Mudcat Café message #2229548 The Mudcat Café TM
Thread #50004   Message #2229548
Posted By: Joe Offer
06-Jan-08 - 01:39 AM
Thread Name: Origins: Lady Mary / Palace Grand / The Sad Song
Subject: ADD: Version Castle Grand/Palace Grand
I've been spending time with Helen Schneyer's last CD, What a Singing There Will Be. Here's Helen's version of this song:

Palace Grand
Traditional

He came from his palace grand,
and he came to my cottage door
The words that he spoke were few,
but his looks lingered forevermore
With a look in his sad, dark eyes
more tender than words could be
But I was nothing to him,
though he was the world to me

And there in his garden and home
all dressed up in satin and lace
Lady Mary so strange and so cold
has found in his heart a place
And I would have been his bride
with a kiss for a lifetime fee
But I was nothing to him,
though he was the world to me

And now in his palace grand,
on a flower-strewn bed he lies
With his beautiful lids fast closed
o'er his beautiful sad, dark eyes
But among the mourners who mourn,
why should I a mourner be
For I was nothing to him,
though he was the world to me

And how will it be with our souls
when we meet in that heavenly land
What the human heart ne'er knows,
will the spirit then understand
Or in some celestial form,
will our sorrows repeated be
Will I be nothing to him,
though he be the world to me

Helen's notes: "Learned from Nan Perdue, one of the best ballad singers I know."



Here's another transcription hidden in another thread:

Thread #42330   Message #615105
Posted By: Deckman
22-Dec-01 - 10:14 PM
Thread Name: Lyr Req: help with this song please - Palace Grand
Subject: ADD: Castle Grand (Palace Grand)

Hi Barry ... sorry it's taken so long to get back to you. This might be the song you are looking for. I always have called it "Castle Grand." I hope it's what you want.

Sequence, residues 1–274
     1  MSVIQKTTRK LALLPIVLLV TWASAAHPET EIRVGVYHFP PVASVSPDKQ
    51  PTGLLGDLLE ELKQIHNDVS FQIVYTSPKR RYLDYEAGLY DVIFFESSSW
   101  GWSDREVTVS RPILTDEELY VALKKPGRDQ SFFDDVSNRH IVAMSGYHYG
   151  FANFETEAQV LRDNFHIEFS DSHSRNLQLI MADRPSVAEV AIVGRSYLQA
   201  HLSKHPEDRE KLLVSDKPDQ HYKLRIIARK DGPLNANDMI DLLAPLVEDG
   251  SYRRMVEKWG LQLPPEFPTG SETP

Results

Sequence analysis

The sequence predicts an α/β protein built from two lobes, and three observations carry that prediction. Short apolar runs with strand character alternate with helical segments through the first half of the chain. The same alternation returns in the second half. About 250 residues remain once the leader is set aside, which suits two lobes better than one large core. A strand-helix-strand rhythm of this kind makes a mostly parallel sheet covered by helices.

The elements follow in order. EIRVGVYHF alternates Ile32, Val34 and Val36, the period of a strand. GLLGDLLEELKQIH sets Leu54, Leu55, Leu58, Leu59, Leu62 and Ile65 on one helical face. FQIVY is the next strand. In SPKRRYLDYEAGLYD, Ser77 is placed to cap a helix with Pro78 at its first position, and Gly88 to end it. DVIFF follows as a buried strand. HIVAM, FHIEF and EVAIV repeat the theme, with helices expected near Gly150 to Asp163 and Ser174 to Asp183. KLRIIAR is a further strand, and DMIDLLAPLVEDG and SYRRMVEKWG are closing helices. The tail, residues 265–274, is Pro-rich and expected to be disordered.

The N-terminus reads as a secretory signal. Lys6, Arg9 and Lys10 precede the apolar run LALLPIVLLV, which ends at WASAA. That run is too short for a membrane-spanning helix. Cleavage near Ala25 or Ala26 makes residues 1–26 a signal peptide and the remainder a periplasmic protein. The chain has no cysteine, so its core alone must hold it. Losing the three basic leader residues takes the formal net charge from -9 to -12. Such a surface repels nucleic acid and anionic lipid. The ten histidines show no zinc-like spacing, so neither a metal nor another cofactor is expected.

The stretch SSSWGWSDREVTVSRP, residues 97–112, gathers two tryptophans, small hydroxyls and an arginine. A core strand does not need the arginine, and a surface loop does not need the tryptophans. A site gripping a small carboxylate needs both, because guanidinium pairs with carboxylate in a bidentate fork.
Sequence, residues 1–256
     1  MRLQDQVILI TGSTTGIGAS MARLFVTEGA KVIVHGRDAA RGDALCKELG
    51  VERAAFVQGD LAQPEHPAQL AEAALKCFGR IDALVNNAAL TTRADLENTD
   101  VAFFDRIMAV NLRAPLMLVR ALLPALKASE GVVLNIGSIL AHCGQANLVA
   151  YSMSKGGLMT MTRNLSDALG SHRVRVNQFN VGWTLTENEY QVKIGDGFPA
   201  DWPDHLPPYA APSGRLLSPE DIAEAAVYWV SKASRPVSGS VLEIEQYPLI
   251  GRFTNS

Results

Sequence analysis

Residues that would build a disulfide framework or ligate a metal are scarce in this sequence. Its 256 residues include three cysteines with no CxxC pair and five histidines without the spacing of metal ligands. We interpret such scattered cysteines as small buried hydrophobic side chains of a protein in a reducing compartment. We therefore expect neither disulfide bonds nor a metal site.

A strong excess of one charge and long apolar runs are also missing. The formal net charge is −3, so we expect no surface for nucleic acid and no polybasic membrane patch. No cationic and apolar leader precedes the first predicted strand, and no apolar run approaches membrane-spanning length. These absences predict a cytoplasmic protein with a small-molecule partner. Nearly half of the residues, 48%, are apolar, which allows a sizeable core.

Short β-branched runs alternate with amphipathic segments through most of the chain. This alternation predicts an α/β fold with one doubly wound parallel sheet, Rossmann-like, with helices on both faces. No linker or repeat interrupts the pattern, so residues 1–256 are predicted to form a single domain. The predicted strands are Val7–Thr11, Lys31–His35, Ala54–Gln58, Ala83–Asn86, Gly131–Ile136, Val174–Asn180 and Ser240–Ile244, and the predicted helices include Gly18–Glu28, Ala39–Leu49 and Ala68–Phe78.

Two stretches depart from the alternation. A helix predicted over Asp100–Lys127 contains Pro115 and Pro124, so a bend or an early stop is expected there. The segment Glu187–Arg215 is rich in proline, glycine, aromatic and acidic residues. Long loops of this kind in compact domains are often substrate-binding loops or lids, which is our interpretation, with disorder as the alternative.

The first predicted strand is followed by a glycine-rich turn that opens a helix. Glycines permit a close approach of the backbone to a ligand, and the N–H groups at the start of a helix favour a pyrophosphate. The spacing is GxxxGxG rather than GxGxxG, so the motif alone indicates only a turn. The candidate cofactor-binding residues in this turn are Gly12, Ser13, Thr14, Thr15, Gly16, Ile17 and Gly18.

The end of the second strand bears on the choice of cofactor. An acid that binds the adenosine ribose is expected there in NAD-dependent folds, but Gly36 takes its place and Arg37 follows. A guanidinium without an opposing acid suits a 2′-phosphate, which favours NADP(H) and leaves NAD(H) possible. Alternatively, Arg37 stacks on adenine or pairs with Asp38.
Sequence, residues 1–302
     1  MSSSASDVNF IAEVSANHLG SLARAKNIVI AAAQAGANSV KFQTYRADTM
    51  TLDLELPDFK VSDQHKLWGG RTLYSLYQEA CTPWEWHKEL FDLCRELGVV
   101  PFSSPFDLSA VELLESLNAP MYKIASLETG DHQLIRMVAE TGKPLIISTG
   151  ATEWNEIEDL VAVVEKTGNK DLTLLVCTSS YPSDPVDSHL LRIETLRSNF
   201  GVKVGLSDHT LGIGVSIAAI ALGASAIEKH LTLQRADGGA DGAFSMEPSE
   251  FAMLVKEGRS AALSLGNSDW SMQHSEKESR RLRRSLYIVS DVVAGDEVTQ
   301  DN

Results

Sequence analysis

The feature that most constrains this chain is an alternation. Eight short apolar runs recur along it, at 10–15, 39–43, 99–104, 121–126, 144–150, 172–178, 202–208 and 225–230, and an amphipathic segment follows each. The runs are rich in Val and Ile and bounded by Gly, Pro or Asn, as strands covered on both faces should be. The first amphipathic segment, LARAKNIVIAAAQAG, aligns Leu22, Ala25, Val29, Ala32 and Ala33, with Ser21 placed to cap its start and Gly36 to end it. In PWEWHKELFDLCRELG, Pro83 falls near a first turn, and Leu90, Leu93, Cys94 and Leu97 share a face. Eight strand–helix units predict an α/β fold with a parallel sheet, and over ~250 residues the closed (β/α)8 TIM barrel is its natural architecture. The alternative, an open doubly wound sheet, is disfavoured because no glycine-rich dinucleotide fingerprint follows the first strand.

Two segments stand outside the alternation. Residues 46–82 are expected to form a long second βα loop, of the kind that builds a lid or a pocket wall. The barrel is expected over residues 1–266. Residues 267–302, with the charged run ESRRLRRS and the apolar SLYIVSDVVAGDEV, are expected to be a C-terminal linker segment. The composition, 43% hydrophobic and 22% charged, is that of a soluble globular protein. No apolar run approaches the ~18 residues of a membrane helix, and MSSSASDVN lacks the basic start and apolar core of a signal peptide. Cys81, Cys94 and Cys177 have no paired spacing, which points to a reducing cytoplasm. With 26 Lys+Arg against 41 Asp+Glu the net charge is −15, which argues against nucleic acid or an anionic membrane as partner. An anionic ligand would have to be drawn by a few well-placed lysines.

Castle Grand (Palace Grand)

He came from his castle grand
And he came to my cottage door
His words were few, but his looks
Will linger forever more

The smile in his sad dark eyes
More tender than words could be
But I was nothing to him
Though he was the world to me

While there in his garden strolled
All robed in satins and lace
A lady so strange and cold
Who held in his heart, no place

For I would be his bride
With a kiss for a lifetime fee
But I was nothing to he
Though he was the world to me

Today in his castle grand
On a flower strewn bier he lies
The beautiful lids fast closed
On his beautiful sad, dark eyes.

Among the mourners who mourn
Why should I, a mourner be
For I was nothing to he
Though he was the world to me

And how will it be with our souls
When we meet in that spirit land
What the mortal heart ne'er knows
Will the spirit then understand

Or in some celestial form
Will our sorrows repeated be
Will I still be nothing to he
Though he is the world to me

I wish I could give proper credits, but all I know of this song is that I learned it from the beautiful Patti, of Seattle and Santa Cruz fame. I hope this helps to give you a lead. CHEERS, Bob
Note: According to Volume IV (page 153) of Vance Randolph's Ozark Folksongs, Carl Sandburg, who heard the song in Springfield, Missouri, in 1930, called this "The Sad Song." [Sandburg's American Songbag was published in 1927, so apparently Sandburg did not publish this song until New American Songbag came out much later. Randolph collected the song on May 14, 1934, from Mrs. May Kennedy McCord, Springfield, Missouri. McCord learned it near Galena, Missouri, in about 1900. Ozark Folksongs was published 1946-50. Anyone know of an earlier printed transcription of this song? As far as I can tell, May Kennedy McCord is the earliest documented source for this song, as heard by Sandburg in 1930.
-Joe-